Monday, February 28, 2011

Inner Joy

The planet we live in, and the universe beyond has both beautiful and ugly things. Deep within us one may find the connection to the beautiful and joyous side of the universe. One may find this connection in a quiet moment beside a clear lake, in a beautiful green forest, in the company of a loved one, in meditation, sitting or lying in bed. Once we have found this connection it is possible to return to it frequently at will even when one is not in a green valley or in the company of a loved one. This inner bliss does not need a thing or place to connect to, although at first beautiful things may help us to make the connection. It needs a mind that is relatively free of thoughts, sense inputs and a consciousness that just experiences. The joy that comes from sense inputs is a temporary and different one. This joy is difficult to describe in words but wonderful to experience. It is free of fear, even fear of death because it knows that this consciousness and this universe of which it is a part will always be there, constantly changing yet unchanged at its essential core. Dear friends, I hope that you too have experienced this joy, or will do so soon, and can make a connection to it often.

6 comments:

raymond said...

Excellent post Ashok. Reminds me of something in the Huainanzi:

是故有以自得之也,喬木之下,空穴之中,足以適情;無以自得也,雖以天下為家,萬民為臣妾,不足以養生也。能至於無樂者,則無不樂;無不樂,則至極樂矣!

It’s the one who has the ability to get it from within herself, whether she is under a big tree or in an empty cave, who gets satisfaction from whatever happens. If she can’t get it out of herself, even if she possesses an empire and everyone is her subject, it won’t be enough for consummate growth. If a person can get to a point where there is nothing (in particular) that she enjoys, then there will be nothing that she does not enjoy. This is to arrive at optimum enjoyment.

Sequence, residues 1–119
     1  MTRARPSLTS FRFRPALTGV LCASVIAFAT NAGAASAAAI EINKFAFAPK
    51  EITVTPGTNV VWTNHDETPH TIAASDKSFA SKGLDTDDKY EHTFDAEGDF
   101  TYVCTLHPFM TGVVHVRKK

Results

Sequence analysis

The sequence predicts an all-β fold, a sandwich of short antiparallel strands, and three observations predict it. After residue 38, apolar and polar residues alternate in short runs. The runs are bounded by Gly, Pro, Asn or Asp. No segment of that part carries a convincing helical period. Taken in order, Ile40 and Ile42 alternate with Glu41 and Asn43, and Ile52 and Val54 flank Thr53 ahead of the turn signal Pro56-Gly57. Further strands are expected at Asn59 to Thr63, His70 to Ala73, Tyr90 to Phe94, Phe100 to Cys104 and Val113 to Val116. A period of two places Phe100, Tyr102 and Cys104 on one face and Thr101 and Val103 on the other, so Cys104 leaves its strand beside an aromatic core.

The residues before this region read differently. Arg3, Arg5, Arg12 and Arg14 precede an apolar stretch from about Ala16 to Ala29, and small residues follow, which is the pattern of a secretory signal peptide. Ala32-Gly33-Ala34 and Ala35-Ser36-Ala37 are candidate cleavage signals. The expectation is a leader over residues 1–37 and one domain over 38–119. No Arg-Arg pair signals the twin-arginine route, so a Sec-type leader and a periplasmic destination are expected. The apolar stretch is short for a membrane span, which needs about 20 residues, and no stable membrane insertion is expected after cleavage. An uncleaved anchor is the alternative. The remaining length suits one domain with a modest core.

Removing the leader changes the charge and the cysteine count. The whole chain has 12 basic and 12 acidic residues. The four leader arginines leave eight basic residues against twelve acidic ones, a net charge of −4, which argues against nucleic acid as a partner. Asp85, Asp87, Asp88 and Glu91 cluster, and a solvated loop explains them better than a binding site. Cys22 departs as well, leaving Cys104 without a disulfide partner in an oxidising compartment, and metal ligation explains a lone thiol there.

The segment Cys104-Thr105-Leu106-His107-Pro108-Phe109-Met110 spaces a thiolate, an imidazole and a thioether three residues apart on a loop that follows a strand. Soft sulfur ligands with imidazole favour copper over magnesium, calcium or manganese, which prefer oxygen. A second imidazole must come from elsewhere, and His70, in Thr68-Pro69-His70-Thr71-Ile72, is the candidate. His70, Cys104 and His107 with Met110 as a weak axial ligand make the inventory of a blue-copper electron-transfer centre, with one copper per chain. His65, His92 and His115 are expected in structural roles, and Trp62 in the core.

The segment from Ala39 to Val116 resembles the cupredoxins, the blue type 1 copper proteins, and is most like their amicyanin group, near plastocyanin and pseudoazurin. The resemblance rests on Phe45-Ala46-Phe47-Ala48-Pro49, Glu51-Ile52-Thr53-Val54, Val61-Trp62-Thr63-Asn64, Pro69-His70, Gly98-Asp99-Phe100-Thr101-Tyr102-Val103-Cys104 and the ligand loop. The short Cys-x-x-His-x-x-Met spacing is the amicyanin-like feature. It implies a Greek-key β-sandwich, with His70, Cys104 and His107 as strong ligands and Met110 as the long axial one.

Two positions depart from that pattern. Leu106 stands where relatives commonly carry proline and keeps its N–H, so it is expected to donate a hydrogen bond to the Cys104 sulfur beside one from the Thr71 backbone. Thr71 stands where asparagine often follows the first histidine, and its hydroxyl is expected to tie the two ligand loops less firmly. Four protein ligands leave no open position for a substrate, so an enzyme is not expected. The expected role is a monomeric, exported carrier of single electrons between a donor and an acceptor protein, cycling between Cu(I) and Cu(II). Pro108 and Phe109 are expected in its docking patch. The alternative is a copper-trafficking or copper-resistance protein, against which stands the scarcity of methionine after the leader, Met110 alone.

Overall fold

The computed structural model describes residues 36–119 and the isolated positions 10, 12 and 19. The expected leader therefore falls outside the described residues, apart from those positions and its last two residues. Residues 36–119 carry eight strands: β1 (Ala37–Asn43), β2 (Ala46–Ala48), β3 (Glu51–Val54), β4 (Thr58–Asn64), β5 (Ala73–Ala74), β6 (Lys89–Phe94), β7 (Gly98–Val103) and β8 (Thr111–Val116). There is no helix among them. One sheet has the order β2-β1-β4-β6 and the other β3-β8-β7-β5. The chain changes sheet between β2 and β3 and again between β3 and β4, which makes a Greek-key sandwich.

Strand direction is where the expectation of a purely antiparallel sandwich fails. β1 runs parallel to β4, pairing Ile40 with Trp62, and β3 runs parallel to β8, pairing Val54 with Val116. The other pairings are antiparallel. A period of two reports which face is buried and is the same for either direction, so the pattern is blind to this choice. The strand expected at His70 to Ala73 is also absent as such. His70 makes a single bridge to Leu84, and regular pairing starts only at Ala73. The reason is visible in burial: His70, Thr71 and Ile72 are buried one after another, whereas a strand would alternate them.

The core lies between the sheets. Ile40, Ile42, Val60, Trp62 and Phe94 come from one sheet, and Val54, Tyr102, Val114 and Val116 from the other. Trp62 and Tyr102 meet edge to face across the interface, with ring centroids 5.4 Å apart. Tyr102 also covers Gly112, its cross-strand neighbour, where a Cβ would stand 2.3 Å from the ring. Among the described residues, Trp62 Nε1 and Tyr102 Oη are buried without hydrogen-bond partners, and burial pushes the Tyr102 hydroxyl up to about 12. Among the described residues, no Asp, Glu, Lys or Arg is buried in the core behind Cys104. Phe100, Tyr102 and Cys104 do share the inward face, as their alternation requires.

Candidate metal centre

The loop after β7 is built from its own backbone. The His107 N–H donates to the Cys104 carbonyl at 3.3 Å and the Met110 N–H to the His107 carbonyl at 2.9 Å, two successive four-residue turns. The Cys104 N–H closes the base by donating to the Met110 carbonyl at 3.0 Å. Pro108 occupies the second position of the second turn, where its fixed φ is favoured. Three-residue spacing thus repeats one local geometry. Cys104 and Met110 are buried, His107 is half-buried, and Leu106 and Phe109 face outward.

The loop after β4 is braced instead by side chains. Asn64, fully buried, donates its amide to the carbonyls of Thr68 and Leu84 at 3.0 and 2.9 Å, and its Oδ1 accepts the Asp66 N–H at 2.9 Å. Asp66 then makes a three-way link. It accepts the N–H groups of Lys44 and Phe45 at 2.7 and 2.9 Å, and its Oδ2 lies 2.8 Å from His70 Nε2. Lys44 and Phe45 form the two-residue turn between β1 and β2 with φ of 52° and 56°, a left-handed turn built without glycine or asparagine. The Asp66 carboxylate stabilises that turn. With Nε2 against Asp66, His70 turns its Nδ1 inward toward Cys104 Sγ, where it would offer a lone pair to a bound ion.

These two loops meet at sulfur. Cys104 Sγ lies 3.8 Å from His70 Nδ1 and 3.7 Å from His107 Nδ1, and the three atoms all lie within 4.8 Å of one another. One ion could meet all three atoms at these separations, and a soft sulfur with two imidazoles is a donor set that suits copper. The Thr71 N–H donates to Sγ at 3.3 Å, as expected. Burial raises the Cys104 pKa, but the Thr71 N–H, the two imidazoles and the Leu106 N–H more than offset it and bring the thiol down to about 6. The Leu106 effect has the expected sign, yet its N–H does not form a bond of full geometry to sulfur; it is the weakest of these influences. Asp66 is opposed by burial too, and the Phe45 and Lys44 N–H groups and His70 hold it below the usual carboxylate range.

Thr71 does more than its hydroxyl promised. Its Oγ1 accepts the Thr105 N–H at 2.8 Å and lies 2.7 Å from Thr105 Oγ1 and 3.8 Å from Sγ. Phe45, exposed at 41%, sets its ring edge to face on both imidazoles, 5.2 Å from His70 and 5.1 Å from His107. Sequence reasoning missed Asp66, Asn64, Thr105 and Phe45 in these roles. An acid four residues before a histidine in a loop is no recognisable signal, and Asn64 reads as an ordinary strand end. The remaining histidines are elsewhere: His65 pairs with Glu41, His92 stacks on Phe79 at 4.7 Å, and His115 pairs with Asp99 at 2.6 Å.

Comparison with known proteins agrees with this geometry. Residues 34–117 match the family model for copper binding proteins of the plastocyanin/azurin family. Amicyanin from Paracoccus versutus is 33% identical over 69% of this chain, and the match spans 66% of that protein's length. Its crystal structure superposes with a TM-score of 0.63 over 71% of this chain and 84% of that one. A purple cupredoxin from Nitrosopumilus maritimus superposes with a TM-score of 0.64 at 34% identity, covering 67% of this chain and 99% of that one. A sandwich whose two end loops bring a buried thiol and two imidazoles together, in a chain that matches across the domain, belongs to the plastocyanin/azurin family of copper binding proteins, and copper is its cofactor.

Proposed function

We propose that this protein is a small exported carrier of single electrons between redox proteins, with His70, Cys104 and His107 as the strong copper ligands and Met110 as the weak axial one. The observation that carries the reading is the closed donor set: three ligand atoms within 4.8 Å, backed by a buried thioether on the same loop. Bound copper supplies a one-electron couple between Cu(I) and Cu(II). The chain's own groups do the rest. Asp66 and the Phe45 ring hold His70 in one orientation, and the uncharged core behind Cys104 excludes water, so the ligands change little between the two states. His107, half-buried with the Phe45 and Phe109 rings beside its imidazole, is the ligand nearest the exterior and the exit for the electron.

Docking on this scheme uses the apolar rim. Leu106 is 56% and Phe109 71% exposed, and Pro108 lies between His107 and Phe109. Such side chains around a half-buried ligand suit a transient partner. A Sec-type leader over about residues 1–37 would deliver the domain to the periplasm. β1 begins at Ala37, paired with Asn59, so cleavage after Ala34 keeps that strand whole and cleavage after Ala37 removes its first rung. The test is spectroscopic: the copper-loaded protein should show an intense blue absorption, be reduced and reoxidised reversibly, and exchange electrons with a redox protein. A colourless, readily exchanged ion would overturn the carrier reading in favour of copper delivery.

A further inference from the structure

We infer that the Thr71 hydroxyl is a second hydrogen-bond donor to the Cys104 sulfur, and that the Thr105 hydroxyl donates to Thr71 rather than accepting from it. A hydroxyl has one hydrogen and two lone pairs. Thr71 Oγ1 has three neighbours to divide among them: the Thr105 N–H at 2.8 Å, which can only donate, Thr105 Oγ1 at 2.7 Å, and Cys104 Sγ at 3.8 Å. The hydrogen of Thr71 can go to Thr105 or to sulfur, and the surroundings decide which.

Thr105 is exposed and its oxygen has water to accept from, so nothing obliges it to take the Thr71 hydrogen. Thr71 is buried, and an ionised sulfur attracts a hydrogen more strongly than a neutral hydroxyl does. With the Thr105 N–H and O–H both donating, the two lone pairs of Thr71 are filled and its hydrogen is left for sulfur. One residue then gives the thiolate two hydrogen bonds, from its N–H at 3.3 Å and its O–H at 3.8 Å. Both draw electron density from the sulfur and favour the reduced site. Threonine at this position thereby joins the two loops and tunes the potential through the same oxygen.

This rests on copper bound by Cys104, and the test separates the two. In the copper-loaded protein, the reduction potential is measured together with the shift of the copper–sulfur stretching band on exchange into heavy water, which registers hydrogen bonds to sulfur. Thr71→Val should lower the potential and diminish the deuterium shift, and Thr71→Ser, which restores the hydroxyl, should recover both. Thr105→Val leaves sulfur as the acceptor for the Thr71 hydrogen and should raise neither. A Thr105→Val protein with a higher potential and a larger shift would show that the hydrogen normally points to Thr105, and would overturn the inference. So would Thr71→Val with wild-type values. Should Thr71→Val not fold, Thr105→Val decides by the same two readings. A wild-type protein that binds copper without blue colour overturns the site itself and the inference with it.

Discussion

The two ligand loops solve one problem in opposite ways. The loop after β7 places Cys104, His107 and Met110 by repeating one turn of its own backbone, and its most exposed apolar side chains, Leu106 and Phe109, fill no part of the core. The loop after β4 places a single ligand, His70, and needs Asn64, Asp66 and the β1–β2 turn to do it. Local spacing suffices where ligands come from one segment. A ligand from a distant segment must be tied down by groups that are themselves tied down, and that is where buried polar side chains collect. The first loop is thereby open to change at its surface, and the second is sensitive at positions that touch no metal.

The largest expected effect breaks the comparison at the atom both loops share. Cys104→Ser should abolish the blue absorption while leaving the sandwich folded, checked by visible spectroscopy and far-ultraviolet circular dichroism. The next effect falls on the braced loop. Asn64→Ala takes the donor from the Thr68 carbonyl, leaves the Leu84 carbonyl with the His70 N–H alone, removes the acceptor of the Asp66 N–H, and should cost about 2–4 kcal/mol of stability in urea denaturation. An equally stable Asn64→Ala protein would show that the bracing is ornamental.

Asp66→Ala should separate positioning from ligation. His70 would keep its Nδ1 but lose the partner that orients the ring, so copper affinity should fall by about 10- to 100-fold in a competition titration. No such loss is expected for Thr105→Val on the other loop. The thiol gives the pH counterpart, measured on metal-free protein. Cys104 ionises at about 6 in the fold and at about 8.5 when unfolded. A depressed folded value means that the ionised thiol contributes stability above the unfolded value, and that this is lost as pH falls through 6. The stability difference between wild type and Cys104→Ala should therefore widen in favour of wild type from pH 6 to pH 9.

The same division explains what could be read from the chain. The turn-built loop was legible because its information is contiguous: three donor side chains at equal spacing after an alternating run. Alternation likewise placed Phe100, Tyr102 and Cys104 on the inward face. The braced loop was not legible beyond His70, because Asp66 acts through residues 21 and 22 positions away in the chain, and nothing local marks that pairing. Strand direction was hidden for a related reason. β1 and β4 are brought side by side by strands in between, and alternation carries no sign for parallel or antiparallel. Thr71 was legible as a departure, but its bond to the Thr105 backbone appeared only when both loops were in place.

keiko amano said...

Ashok,

I like your simple art work. It's a happy color, too.



Raymond,

It's interesting. Thank you for Chinese characters. I love Chinese Classics. It lures me to decipher the meaning which is quite free to interpret.

I think English speakers understand better by reading your interpretation because you are a native speaker and use she and objects and articles. But when I see Japanese or Chinese sentences especially ancient writings, the points of view are more neutral.

I tried to interpret it as follows.

We all have something old in us, so we own it. Whether we are under a tall tree, or inside a hole, we can be satisfied with our good feeling. Being natural is our advantage. The world exists, so homes exist. Citizens exist, so statemen and concubines exist. We don't satisfy with our health, so we take care of our health. If the people are able persons, they won't have it easy(不樂). Therefore, nothing means not easy(不樂). Nothing equals difficult(不樂). So, we reach the paradise(極樂 extreme happiness).

Toward the end of above paragraph is not easy to translate because it is playing with the word 樂.

Re: "If a person can get to a point where there is nothing (in particular) that she enjoys, then there will be nothing that she does not enjoy."

This makes sense to me, but I think it's easier for readers if you add something qualified or conditional sentence. Because she enjoys everthing immensely, then if we ask her what does she particularly enjoy, then she reply nothing in particular. Right?

ashok said...

Thanks for a beautiful passage Raymond that adds so much to the message of the post and how true

"If a person can get to a point where there is nothing (in particular) that she enjoys, then there will be nothing that she does not enjoy. "

ashok said...

Thanks for appreciating the art Keiko. Surely you are a linguist. Have you translated any works from West to East or Vice Versa?

keiko amano said...

Ashok,

I'd like to read the translation of this by a Japanese expert, but I couldn't find any on the Web. But, now I'm older and have been learning English for a long time, I can come up with my own interpretation. As I said before, Chinese is close to English in grammar.

But, my translation didn't come to my mind just like that. I read Raymond's comment more than ten times slowly and used my digital dictionary and also the Japanese site that listed each character with possible meanings. I knew most of them, but a few, the list helped me.

Also I felt the content was similar to what I used to hear from my mother. For instance, she would say to the person complaining about her ill health, "The people with some health problem live longer because we tend to take care of ourselves when we are ill, but the people with perfect health don't know how it is like to be ill, so they don't take care of their health much, so those people tend to die young." Something like that. Whether the listeners thought it was true or not, or whether anyone had done the survey or not, they didn't care. They received the words of comfort because it made sense.

ashok said...

Just wonderful Keiko, Thanks for all the very valuable effort. You are indeed a true scholar who has found the inner joy within themselves to be able to focus like this.